Proof’s in the pudding. This seems to ring true more often than not as entire countries begin to embrace the Linux OS. The BBC states that it is all about ‘viability’. Apparently, a recent report indicates that Open Source alternatives are becoming quite choice for many UK dept’s.
Where does this leave closed source software companies? In a world of hurt, if they do not stop to look at their current business models. In my opinion, the closed source business model is dying and people are beginning to smell death on companies like Microsoft. If MS is smart, they will learn to adapt by using Open Source more to their advantage rather than treating it as a threat.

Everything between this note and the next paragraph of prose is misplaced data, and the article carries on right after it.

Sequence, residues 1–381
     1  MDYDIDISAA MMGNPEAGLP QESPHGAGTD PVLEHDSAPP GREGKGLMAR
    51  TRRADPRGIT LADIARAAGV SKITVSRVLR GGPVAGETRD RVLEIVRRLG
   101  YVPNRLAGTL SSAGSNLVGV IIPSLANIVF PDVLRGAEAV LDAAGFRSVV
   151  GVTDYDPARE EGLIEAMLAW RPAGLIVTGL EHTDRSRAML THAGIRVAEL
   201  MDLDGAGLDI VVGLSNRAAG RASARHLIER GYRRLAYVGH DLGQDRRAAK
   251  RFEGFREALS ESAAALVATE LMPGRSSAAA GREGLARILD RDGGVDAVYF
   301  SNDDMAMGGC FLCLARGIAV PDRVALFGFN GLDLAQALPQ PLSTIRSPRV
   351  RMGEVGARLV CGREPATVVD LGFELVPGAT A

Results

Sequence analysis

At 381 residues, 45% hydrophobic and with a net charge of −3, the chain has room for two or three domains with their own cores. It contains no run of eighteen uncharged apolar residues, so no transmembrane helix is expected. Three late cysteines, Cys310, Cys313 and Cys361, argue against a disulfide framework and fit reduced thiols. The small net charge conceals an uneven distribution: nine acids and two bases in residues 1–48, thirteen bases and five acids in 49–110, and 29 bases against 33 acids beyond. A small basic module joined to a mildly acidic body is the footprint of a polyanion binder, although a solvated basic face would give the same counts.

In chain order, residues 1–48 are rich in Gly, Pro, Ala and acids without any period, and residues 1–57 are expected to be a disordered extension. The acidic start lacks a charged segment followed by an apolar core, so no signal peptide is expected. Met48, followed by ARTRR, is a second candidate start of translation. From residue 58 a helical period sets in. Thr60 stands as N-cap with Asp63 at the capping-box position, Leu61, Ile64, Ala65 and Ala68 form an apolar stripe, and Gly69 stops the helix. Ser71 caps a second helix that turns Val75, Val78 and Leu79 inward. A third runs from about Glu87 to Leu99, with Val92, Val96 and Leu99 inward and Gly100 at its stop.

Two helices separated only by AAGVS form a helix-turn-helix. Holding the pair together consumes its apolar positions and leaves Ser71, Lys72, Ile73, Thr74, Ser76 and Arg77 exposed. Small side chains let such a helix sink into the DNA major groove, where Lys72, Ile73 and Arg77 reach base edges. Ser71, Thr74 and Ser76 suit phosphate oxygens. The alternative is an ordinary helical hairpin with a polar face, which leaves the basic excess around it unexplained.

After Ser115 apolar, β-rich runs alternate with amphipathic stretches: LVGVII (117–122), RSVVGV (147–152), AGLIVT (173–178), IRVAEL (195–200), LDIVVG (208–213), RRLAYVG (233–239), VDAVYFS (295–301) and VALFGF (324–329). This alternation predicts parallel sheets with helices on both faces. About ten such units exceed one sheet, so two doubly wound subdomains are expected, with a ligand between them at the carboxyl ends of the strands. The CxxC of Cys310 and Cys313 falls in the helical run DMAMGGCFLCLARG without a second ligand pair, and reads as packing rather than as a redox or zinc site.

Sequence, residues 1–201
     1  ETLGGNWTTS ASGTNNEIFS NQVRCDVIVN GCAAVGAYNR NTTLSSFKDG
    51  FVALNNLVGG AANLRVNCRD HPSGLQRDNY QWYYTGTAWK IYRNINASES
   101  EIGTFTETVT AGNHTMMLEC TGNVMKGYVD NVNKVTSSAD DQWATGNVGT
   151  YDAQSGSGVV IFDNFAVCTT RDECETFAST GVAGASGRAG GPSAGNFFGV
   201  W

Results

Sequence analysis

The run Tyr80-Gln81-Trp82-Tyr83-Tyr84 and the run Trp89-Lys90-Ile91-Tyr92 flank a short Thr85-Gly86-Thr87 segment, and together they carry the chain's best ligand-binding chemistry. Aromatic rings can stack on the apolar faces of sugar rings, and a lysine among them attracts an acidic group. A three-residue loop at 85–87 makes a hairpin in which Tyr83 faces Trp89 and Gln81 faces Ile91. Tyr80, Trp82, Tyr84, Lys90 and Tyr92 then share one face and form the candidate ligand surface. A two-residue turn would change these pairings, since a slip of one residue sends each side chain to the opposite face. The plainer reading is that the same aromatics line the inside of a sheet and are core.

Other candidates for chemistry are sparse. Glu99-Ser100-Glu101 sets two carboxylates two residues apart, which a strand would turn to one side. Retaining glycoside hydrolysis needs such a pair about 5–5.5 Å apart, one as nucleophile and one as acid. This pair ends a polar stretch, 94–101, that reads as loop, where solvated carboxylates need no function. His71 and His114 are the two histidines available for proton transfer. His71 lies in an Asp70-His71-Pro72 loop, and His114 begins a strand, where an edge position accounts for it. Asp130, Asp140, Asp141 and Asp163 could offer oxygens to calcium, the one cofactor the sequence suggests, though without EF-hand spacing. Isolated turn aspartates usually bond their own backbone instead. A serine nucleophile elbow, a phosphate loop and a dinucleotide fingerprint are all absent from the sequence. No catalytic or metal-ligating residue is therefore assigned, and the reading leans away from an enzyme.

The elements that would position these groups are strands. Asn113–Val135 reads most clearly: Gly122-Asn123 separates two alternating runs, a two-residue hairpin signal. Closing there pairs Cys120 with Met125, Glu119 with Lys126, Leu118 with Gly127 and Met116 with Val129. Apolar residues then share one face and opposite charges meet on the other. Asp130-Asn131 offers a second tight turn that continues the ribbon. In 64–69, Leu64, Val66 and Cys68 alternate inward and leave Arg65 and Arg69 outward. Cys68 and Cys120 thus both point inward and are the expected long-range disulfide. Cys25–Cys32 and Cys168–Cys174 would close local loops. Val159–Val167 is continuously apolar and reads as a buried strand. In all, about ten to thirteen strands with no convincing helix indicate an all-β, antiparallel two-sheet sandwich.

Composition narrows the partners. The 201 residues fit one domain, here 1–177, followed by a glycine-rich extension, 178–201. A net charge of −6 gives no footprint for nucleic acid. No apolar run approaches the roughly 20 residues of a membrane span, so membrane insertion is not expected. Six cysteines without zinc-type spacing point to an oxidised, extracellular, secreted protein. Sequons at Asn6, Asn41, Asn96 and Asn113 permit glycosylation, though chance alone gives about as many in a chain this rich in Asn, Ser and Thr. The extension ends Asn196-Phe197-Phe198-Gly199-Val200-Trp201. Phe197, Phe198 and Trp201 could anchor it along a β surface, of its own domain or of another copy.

Microsoft is the world’s largest software maker and its Windows operating system is found on nine out of every 10 personal computers.
It also makes products for servers, though has a smaller share of the market.
While companies such as Microsoft earn money by licensing and charging for use of their products, Linux code is freely available.
That means anyone can modify it or develop applications for it.
For some governments and firms, especially in the developing world, the result is more flexibility and reduced costs.
China, Japan and South Korea have agreed to work together and develop an Asian version of Linux.
Governments in Germany and France have installed Linux systems in recent months.